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UAMS Project SEARCH Interns Learn New Skills


Project Search Intern Derrick Parker Derrick Parker, a Project SEARCH intern, has enjoyed becoming “a team player.”

Feb. 5, 2014 | When Derrick Parker started his UAMS Project SEARCH internship, he had no idea that the experience would expose him to an array of career possibilities.

As a participant in the program for individuals with disabilities, Parker came to UAMS with his mind set on becoming a cook or working in the bakery. UAMS Project SEARCH Vocational Advisor Laura Collins wanted to help him get out of his comfort zone and try new experiences.

“When I came to UAMS, I was nervous,” Parker said. “I was placed in an area I knew nothing about or how to succeed, but with the help and understanding of the staff and my coworkers, I was willing to take the challenge and become a team player.”

In August, UAMS, ACCESS, and Arkansas Rehabilitation Services (ARS) started the inaugural year of the UAMS Project SEARCH internship program. The nine-month internship provides real-life work experiences combined with training in employability and independent living skills with the goal of competitive, sustainable employment beyond graduation. UAMS is providing internship jobs and on-campus space for intern instruction; ARS is providing the interns’ financial sponsorship and career guidance; and ACCESS is providing program coordination and instruction, job coaching and post-graduation “follow along” services.  

UAMS Project SEARCH gives 12 interns the opportunity to work entry-level jobs in several UAMS departments, including campus operations, nutrition services, patient transport and central supply, among others. They rotate to a different job every 10 weeks. After interns secure employment, UAMS Project SEARCH graduates receive follow-along services to help with job retention. 

Derrick Parker began his internship in Rehab Services. He worked in the Hand Therapy Center, the Donald W. Reynolds Institute on Aging, and the Jackson T. Stephens Spine Center Therapy Gym. He did the rotation every day and helped with Joint Commission regulations and with patient care.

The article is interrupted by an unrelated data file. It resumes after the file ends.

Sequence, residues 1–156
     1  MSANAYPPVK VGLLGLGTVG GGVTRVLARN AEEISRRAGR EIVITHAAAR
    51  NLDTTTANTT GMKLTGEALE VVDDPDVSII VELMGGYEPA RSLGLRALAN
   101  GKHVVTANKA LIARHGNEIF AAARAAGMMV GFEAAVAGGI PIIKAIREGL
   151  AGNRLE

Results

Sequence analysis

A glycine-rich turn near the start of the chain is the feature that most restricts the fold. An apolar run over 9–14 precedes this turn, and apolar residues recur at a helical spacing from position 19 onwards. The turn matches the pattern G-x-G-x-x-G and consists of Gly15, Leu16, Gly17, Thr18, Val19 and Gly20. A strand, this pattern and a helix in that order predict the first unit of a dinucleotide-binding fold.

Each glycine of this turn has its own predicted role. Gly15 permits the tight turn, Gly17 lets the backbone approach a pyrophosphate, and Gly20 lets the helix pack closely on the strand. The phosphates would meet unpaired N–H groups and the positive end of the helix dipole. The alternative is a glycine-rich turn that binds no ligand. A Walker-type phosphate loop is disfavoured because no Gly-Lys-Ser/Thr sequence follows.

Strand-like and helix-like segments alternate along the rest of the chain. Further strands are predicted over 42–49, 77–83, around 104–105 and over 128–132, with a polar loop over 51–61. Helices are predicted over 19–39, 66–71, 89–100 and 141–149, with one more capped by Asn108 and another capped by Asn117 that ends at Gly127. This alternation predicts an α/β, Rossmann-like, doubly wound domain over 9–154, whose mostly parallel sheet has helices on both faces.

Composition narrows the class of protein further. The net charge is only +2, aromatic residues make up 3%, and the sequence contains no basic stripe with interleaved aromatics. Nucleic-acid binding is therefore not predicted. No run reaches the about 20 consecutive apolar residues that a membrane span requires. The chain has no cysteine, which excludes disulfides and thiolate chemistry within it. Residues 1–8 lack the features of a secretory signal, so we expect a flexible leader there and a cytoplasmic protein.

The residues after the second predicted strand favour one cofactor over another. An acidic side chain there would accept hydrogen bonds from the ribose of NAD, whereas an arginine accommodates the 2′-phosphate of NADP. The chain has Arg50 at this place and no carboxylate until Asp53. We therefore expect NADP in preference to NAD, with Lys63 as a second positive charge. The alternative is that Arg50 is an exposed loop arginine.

Collins spoke highly of Parker and his participation in the program.

“Derrick came in wanting to be a cook, but we wanted to get him out of his comfort level and try something new, so we placed him in rehab services,” Collins said. “He thanked us, his mom thanked us, and he said he would have never thought of this.”

She said for Parker’s second rotation, Derrick and his team chose Nutrition Services for him to gain more experience in an area in which he hopes to have a career.

“He’s in the bakery and he’s doing great,” Collins said. “The staff there are very supportive of Derrick.  He has done extremely well, and we are all so very proud of him!”

Parker said his dream is to one day own his own restaurant. He became interested in cooking at a young age, watching his mother and grandmother in the kitchen. He said UAMS Project SEARCH has helped him prove to himself and other people that having a disability does not mean he is not able to perform on the job.

As a member of the nutrition services team, Parker is responsible for making a lot of baked goods such as brownies, cornbread and biscuits.

“Here at UAMS, I have learned that we have all faced an area where we are challenged and may not have the ability to do the job,” Parker said. “But with the right training, our minds are exposed to not allow the limits of our ability to dictate the outcome of our success.”

Collins said another of the interns, Andrew Aston, has already been hired full time. Aston was hired by Crothall, contracted by UAMS, to work in patient transport. One of Aston’s supervisors said he showed great integrity and compassion for the position. He started Jan. 21.

UAMS Project SEARCH program coordinator Jenny Adams said she hopes that, the program will expand. Adams, a special educator at ACCESS, works with Collins and job coach Aloma Kouyais to implement overall program management, program instruction, job coaching and vocational placement services for the interns.

She said the main goal of Project SEARCH is to get the interns jobs or careers. To help with this, the team has created a 12-person business advisory council with representatives from Dillard’s Inc., the City of Little Rock, and other organizations interested in helping the interns pursue employment. The council members engage in various activities, such as mentoring interns, offering to review interns’ resumes and host mock interviews, and introducing fellow business contacts to the program.

“We are very grateful to UAMS and ARS for partnering with ACCESS to make this unique job training program available for these young men and women,” said Adams. “Together, we are giving individuals with disabilities the self-confidence, skills and opportunity to demonstrate how they can give back to our community in meaningful ways. We are so proud of the interns’ progress and are looking forward to working with them as they graduate and welcoming our Year 2 interns this fall.”

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